Manitou Springs has agreed to buy all of the electricity for city-owned facilities from a solar array that will be built in the Security area by Colorado Springs-based SunShare, becoming what the company says is the first city in the nation to have all of its facilities powered by a so-called "solar garden."
Manitou Springs will pay 5.6 cents per kilowatt hour and use about one-fourth of the 2 megawatts of power the array will generate, said David Grossman, a spokesman for Colorado Springs Utilities, which will distribute the power to Manitou.
The agreement doesn't apply to residential or commercial customers in Manitou, but they can sign up individually to get their power through the solar garden.
The Manitou Springs City Council unanimously approved the agreement with SunShare April 15 after a two-month process that included presentations to council. The deal stems from a comment made three years ago by Manitou Mayor Pro-Tem Coreen Toll, who told SunShare CEO David Amster-Olszewski she wanted governments and businesses to be able to buy power from solar gardens. At that time, only homeowners and school districts were allowed to do so.
"Manitou Springs wants to set an example for our community and cities across the nation to follow our lead with this program," Manitou Mayor Marc Snyder said in a news release announcing the agreement. "Not only will our city facilities be powered by solar, but thanks to Colorado Springs Utilities, every resident and business in Manitou Springs now has the ability to join us in this Community Solar program."
Utilities agreed in October to buy renewable energy credits amounting to 4 cents per kilowatt-hour from SunShare for the array in the Security area, allowing the project to move forward. Amster-Olszewski said the company plans to start construction in July and begin generating electricity in October that it will sell to Manitou and other customers. He said another government agency he declined to identify has agreed to buy another 25 percent of the array's power.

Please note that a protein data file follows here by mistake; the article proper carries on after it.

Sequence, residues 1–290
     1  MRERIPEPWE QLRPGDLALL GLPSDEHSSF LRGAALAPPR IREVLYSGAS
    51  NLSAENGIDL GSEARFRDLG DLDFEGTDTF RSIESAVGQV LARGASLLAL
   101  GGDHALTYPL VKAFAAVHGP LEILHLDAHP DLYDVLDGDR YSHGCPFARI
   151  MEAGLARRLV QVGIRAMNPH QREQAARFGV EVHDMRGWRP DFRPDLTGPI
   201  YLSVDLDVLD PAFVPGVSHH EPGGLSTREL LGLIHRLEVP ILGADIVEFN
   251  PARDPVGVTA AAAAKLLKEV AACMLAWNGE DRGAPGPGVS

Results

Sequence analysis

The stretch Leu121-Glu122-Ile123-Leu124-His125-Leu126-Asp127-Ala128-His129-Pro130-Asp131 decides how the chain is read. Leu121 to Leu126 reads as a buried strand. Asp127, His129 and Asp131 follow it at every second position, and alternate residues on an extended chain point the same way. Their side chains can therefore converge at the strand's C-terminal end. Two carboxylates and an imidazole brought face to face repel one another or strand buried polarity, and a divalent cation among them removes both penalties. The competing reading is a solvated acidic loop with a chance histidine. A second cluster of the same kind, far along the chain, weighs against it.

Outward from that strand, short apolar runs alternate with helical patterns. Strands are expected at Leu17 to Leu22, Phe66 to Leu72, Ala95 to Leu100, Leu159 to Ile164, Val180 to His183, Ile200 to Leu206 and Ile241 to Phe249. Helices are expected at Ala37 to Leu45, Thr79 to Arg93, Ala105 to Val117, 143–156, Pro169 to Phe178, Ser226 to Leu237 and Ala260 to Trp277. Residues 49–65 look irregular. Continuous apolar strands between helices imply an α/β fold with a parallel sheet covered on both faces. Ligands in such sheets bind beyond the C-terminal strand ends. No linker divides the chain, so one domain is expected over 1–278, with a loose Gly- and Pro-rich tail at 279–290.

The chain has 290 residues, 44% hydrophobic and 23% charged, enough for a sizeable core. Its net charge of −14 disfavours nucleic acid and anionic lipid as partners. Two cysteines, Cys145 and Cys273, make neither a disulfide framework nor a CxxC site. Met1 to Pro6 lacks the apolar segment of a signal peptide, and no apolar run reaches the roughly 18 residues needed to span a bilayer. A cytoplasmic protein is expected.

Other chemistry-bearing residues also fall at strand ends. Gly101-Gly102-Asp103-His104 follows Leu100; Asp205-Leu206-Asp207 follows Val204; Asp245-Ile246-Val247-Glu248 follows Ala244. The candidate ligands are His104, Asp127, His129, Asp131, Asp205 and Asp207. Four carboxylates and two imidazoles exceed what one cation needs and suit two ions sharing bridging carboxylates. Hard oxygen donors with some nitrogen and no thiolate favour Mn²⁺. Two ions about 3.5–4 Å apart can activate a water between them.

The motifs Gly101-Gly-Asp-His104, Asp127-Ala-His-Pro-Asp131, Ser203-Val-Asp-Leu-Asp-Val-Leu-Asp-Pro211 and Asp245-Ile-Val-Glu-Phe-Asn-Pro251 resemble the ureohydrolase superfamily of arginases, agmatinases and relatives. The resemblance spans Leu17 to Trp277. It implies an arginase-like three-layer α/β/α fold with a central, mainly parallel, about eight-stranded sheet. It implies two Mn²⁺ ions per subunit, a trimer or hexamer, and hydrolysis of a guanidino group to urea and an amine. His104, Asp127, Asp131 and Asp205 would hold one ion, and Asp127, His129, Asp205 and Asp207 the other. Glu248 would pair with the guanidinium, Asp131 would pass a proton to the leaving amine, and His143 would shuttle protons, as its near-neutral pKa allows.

The 20-year agreement with Manitou helps the town meet its goal for reducing its carbon emissions 30 percent by 2020, or six years early, Snyder said. If Manitou also agrees to use the array to power its street lights, the city will reduce its carbon footprint by more than 60 percent. That arrangement is under discussion with SunShare, he said.
"There is really no downside to this agreement. If there is a problem, we can always go back to Colorado Springs Utilities and pay the going rate for power," Snyder said. "I am pretty confident this will help us not only meet our carbon reduction goals, but also save us money."
SunShare operates two solar gardens in Colorado Springs that were built in a 2011 pilot program with Utilities. The company has agreements to build 11 more in Colorado Springs, Fort Collins and the Denver area that will generate more than 13 megawatts of electricity, or enough to power more than 3,000 homes.
Solar gardens are large arrays of solar panels that are leased to individuals, businesses and government agencies, which contract to purchase energy that is delivered through utility providers like Colorado Springs Utilities and Xcel Energy. The utilities benefit by buying the renewable energy credits needed by meet state-mandated goals, while customers get a credit on their electric bills for the energy produced by the panels they lease.